Finally, the Day Has Arrived!

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I’m super pumped! The cookbook I’ve been waiting for FOREVER went on sale for preorders today, and as if that weren’t awesome news enough, the preorders are almost 50% off!!


Needless to say, I picked that up pretty quick-like. Come October, I’ll be the proud owner of Michael Symon’s new book, “Carnivore“!



365 Paleo Recipe Project: DAY 26 – Herbed Carrots and Jicama

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Salt and the Paleo Diet

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My newest article, “Salt and the Paleo Diet” was published yesterday. Here’s a blurb, but you can check out the whole thing here


“Because the long-term effects of high-sodium consumption have been linked to such diseases as stroke, cardiovascular disease, high blood pressure, edema and stomach cancer, many experts believe that stricter guidelines are need for healthy consumption.

The FDA recommends that the average person consume no more than 2300mg of sodium per day (1500mg for people over 51, African-Americans or people with hypertension, diabetes or chronic kidney disease), but studies show that the average American gets between 3400 and 4700mg per day, and that an “estimated 75 percent of the average consumer’s intake comes from packaged foods.” (according to Food Navigator-USA )


Sodium is a mineral, and an essential one at that. It regulates blood volume and blood pressure and our primary source of sodium is salt. For minimal function, the body requires at least 500mg. Too little sodium in the body can lead to muscle cramps, dizziness, neurological problems, or even death. Increased water consumption with insufficient sodium levels can cause a condition known as hyponatremia, or water intoxication.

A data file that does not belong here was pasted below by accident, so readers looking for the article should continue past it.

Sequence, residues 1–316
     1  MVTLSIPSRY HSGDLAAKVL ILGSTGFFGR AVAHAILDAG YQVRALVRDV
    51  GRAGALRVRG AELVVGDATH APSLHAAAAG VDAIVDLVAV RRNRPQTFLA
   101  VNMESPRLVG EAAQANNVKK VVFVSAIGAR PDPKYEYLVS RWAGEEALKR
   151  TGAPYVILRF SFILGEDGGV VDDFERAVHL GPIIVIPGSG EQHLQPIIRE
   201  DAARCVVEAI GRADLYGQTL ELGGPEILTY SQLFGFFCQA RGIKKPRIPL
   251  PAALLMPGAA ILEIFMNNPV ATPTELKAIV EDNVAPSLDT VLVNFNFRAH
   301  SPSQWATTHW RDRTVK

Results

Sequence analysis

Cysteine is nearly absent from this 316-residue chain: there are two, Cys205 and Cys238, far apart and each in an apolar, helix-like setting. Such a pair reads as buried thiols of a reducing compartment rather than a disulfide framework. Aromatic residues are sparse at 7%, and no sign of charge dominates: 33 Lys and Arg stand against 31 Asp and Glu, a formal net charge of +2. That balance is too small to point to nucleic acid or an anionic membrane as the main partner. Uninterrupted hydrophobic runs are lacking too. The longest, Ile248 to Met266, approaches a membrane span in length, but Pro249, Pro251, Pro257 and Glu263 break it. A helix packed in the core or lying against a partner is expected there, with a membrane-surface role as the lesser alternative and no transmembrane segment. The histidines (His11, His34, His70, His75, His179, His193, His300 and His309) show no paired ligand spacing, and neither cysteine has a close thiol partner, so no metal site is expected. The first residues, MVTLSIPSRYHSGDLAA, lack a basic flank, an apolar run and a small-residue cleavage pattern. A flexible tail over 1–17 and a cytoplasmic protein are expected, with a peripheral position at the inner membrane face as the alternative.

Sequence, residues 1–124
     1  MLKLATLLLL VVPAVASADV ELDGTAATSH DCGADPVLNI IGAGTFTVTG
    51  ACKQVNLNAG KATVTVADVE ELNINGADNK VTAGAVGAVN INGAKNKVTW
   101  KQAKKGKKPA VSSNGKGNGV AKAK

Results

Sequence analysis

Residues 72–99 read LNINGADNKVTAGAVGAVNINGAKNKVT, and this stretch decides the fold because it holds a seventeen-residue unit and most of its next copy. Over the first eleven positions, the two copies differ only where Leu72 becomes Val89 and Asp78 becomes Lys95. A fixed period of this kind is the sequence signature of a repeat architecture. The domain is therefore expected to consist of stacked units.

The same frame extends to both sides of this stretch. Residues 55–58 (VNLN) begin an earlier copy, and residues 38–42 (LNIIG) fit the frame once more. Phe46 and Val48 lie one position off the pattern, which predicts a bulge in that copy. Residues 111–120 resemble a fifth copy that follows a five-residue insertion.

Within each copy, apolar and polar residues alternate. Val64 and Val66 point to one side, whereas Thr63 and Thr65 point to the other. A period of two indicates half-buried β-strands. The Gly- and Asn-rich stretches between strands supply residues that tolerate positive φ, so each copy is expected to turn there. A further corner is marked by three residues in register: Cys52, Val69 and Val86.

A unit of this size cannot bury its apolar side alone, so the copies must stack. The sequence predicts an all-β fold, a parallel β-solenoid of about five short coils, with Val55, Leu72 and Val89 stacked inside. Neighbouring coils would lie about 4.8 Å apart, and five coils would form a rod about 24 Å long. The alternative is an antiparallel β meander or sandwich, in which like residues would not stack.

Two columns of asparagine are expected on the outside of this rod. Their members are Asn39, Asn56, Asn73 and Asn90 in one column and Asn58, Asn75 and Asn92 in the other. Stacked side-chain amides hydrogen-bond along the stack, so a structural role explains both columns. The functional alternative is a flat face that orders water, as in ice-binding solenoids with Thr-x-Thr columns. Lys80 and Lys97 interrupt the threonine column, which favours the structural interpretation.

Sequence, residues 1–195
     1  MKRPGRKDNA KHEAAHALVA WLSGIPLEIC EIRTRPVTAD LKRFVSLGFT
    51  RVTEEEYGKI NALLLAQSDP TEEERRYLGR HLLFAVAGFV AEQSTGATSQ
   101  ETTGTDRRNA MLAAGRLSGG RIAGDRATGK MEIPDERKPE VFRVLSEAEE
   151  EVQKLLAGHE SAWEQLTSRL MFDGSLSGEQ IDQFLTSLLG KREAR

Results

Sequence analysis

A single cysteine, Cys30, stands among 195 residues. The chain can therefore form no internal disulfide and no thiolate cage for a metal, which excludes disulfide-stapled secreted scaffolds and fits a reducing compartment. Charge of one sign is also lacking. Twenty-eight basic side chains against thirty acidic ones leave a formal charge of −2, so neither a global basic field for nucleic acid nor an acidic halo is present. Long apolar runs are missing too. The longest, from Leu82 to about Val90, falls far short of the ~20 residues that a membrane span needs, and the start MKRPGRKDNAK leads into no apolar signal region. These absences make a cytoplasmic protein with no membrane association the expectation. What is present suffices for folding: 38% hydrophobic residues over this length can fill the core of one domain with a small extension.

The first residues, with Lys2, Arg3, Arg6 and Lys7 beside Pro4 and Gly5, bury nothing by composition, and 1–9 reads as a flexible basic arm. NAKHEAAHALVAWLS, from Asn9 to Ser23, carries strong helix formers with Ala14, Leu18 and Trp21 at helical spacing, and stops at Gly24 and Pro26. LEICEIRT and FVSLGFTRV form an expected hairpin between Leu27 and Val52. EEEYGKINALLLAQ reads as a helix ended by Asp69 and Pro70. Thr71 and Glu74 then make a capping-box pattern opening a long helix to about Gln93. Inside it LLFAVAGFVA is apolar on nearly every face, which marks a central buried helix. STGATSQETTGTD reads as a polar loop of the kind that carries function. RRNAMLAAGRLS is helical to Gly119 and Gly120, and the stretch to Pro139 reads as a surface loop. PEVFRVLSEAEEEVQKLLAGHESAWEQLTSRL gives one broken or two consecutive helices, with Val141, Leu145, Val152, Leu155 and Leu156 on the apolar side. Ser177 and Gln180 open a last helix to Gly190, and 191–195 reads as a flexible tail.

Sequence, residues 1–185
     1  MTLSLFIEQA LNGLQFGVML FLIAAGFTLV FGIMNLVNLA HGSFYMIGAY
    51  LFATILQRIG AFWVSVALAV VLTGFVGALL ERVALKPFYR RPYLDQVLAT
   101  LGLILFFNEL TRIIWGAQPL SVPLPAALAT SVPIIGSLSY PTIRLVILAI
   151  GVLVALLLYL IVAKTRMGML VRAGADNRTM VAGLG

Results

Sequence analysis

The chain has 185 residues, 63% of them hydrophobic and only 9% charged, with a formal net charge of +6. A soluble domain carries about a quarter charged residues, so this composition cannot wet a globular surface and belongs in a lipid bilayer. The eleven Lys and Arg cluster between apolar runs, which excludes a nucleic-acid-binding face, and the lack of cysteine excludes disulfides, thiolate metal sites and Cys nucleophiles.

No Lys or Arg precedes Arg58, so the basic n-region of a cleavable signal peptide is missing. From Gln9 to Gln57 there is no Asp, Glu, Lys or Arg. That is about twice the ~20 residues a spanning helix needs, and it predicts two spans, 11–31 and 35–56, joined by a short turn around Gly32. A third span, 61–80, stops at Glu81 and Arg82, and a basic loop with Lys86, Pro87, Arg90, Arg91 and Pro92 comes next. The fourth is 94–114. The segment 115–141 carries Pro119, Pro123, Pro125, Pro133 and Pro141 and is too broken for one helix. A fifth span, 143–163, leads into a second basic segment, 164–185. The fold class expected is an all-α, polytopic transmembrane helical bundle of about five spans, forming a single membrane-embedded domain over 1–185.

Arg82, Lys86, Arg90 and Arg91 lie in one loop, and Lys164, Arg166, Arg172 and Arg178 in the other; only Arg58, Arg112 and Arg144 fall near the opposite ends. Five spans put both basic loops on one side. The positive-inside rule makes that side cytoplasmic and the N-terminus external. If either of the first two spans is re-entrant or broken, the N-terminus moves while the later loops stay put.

In the average diet, eliminating sodium is an unwise decision, but for paleo dieters, a large population of which are athletes, the elimination of sodium from the diet can be life-threatening. When you sweat, you lose sodium deposits in your system, and when you rehydrate on a sodium-deprived system, your risk of water intoxication goes way up.”

Article Source: 

365 Paleo Recipe Project: DAY 25 – Bacon and Mushroom Brussels Sprouts

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Up until then, I had never had brussels sprouts, but I fell in love. I got my book (I collect autographed cookbooks – because I’m a weirdo like that) and I started making them for every holiday. Everyone I know loves them. 

When I first started on the paleo diet, I still wanted to make my brussels sprouts, but the original recipe calls for a ton of heavy cream, and since I obviously can’t have cream, I had to tweak the recipe a bit. What you see before you is my paleo version of Tyler’s masterpiece. PS – Thank you Tyler Florence for showing me what yummy is. 😛


1 lb brussels sprouts, ends cut off and halved

4 strips of bacon, diced

1 pint of mushrooms, sliced

2 tbsp spicy brown mustard